The best calculus teacher I ever had was a retired Naval engineer used to solving for real world solutions. Seeing retired business leaders, farmers, & military professionals who’ve actually USED the subjects in the real world step up is a thing of beauty. They’re used to professionalism, discipline & decorum. Parents are crowing their pleasure at seeing teachers coming to work in business attire & explaining to students how they need to look & act if they want to rise above “would you like fries with that?” in the real world. Learning how to make change at the cash register is no longer arcane knowledge.

    I’m not dissing professional teachers. Members of my family taught for years, including my mom, who was a fifth grade teacher. But bureaucrats & social experiments run amuck hamstrung the professionals along with low pay & disrespect. Now the community is stepping up to rectify that.

    It’s beautiful seeing a community come together & working together to achieve what THEY want to have happen locally. Best of all, stuff the bus & library programs are ensuring basic materials are covered for everybody. Business leaders are buying textbooks or needed classroom materials instead of only sports jerseys.

    Sure there’s still debates about which child uses what bathroom, but getting kids out of steaming portable classrooms into buildings that HAVE bathrooms to argue about is front & center again.

  3. The tide is starting to turn on letting wildfires burn out, too. Even some conservation areas are allowing firebreaks and staging areas to be constructed. And let’s hear it for the goats who are occasionally working in forestry keeping the brush down.

    • Marianne!
      Yes to goats!! I just thought about an hour before coming here that I’d love to get a goat to take care of the brush on my property. 😀
      So, *high five for goats! 😀

  4. I think our best hope is in the young people. Tina Ann Armato said what i would be saying… but she said it way better than I could manage.

    I have hope in a free press that educates instead of fear mongering.

  5. I would love an ARC of Miss Dauntless. What gives me hope is the kindness of strangers and the fact that writers can still produce wonderful books that give people a respite from a very grim world.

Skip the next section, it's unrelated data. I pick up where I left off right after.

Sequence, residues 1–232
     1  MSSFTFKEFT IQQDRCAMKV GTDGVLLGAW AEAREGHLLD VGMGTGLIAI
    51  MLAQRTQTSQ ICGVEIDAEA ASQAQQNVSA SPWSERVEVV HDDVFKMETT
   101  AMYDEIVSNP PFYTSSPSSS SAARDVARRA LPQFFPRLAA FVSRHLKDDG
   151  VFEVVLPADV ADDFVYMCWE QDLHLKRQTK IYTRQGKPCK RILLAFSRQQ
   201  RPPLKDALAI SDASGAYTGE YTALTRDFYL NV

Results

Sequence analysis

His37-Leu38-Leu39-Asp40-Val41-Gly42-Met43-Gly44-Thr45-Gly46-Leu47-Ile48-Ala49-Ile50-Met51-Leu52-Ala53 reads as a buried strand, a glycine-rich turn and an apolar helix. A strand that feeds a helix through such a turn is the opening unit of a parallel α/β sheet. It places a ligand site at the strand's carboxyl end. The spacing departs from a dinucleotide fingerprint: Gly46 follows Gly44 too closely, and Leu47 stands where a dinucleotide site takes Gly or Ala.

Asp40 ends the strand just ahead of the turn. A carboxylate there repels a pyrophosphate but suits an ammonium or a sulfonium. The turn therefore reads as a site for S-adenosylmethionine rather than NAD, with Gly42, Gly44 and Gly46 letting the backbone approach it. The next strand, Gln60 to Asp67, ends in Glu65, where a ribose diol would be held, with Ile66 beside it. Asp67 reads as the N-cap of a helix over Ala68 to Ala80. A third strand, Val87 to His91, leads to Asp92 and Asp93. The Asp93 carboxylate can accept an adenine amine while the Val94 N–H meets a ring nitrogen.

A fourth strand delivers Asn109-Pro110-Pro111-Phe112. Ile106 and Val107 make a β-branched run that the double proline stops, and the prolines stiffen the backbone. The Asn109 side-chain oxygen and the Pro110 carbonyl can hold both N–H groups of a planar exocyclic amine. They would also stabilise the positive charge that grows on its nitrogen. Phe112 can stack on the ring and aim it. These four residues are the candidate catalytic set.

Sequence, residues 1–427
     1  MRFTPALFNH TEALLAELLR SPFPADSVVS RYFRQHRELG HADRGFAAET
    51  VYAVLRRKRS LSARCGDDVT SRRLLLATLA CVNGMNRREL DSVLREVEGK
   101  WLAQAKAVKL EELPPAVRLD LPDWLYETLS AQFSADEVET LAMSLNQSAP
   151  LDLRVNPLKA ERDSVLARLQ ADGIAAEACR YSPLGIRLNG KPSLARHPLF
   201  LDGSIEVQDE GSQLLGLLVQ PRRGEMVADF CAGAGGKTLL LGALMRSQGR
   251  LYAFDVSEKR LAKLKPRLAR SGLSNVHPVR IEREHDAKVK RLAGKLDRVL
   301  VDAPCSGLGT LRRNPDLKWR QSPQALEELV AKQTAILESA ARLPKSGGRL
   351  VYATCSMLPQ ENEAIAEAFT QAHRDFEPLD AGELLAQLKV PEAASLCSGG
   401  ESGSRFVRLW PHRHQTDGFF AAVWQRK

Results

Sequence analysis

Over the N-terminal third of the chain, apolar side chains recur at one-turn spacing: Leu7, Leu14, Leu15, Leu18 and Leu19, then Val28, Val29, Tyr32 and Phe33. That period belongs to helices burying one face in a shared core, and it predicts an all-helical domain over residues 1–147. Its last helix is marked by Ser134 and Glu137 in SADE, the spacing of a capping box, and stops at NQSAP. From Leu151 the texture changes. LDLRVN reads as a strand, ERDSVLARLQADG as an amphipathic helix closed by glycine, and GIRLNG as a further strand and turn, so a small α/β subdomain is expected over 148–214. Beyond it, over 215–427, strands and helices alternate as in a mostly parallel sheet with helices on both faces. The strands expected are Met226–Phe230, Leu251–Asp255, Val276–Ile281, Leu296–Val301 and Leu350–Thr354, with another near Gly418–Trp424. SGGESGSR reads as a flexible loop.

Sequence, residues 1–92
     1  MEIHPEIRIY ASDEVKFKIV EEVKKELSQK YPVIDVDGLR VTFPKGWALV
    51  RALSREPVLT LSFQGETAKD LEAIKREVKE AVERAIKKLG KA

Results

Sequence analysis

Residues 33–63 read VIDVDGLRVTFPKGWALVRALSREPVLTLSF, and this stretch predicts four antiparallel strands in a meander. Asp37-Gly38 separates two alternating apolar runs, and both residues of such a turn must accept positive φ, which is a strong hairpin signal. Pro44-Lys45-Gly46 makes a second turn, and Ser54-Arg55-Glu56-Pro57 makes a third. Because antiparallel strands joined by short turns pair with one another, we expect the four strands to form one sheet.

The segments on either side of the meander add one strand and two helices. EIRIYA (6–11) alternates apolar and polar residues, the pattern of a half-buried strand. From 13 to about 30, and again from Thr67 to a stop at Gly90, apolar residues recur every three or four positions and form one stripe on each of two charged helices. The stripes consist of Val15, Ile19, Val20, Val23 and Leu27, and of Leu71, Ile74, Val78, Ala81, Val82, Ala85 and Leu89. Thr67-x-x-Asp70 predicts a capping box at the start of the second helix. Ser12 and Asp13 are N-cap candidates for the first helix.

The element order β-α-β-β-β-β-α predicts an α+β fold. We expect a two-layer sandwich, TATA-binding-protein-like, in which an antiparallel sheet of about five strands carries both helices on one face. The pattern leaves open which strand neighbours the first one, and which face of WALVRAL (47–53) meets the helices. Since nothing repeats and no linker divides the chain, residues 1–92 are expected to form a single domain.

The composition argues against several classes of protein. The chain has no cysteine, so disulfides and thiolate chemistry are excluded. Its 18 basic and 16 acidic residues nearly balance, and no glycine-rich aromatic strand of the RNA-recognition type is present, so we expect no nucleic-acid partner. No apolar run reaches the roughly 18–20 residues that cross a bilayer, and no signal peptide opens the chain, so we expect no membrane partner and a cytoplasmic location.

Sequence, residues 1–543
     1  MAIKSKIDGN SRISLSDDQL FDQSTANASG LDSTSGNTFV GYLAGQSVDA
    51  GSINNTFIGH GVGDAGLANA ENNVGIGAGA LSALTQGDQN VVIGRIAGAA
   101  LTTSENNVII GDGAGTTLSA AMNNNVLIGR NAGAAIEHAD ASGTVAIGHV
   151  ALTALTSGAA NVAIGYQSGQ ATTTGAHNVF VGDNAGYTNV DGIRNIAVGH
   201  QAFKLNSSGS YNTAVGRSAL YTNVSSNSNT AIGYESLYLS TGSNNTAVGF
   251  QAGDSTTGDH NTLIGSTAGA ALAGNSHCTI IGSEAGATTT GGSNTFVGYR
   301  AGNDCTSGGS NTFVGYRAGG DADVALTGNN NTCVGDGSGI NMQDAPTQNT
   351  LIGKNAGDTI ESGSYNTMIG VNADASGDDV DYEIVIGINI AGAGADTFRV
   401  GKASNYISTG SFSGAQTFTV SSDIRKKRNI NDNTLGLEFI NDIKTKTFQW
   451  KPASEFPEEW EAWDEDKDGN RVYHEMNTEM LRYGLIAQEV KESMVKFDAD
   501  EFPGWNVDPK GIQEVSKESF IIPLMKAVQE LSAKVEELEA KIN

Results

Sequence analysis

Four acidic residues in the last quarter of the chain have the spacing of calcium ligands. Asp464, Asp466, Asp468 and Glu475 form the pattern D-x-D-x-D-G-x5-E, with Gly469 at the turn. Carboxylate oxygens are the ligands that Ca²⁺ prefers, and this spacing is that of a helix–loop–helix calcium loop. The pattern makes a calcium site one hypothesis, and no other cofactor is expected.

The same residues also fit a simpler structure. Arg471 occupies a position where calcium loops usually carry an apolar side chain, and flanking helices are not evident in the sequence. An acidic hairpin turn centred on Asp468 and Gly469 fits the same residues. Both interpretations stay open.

6. I can’t point to anything specific but I am somewhat hopeful, nonetheless. I see pockets of people trying to do right for the planet and each other, even in the face of many obstacles. I see people still getting married and having children and that gives me hope that they at least will behave to make the world better for their future.

  7. I live in the South East of England and on the coast.We have had a very hot summer and three weeks ago we had the end of summer STINK.On the high tides we had rotting seaweed washed ashore.The air was so bad we kept our Windows shut for days.The council cleared it eventually.But it was used on farms and ploughed in good for cabbages I’ve been told.I felt sorry for the folk living in the countryside because the smell is so bad.But they will have the biggest cabbages around.What goes around comes around.Shame I dislike cabbage though.I enjoy all other vegetables.So until the next big STINK which will be the end of summer 20023 we have good fresh sea air and our little bit of paradise perfect.

  8. Well, I would say that your post gave me hope. I loved the story about The Great Stink.

    I see climate change as one of our largest challenges for the next decades if not more. We will adapt but change is frequently painful. Knock on wood, at least we have it better than the dinosaurs. Hopefully there is no giant meteor headed our way …

    Miss Dauntless sounds fantastic! I would love an ARC (of course) but I also already have it preordered.

  9. What gives me hope is the growing worldwide ban on glyphosate — 33 countries so far.

    A 2015 study by the International Agency for Research on Cancer (IARC) concluded the weed killer’s main component, glyphosate, was “probably carcinogenic in humans.”

    According to the findings, the cancers most associated with glyphosate exposure were found to be non-Hodgkin lymphoma and other hematopoietic cancers. Of great concern,the substance can probably cause DNA and chromosomal damage in human cells, as well as genotoxic, hormonal and enzymatic effects in mammals.

  10. I teach at a community college, and my students give me so much hope. They are so invested in making the world better on many levels.

  11. Hmmm, i see small acts of kindness and individual responsibility. It’s not enough to move the needle on the world, but it can be enough to move the needle for a small subset of people or area. So at least that provides a little hope!
    I am pretty pessimistic, though, sadly.
    Better for my health if I were an optimist, I know, but I just can’t get myself there

  12. I don’t worry. I believe in human ingenuity. We’ll be in trouble if the problem appears in a hurry, though. Like an asteroid. Can’t prepare for that.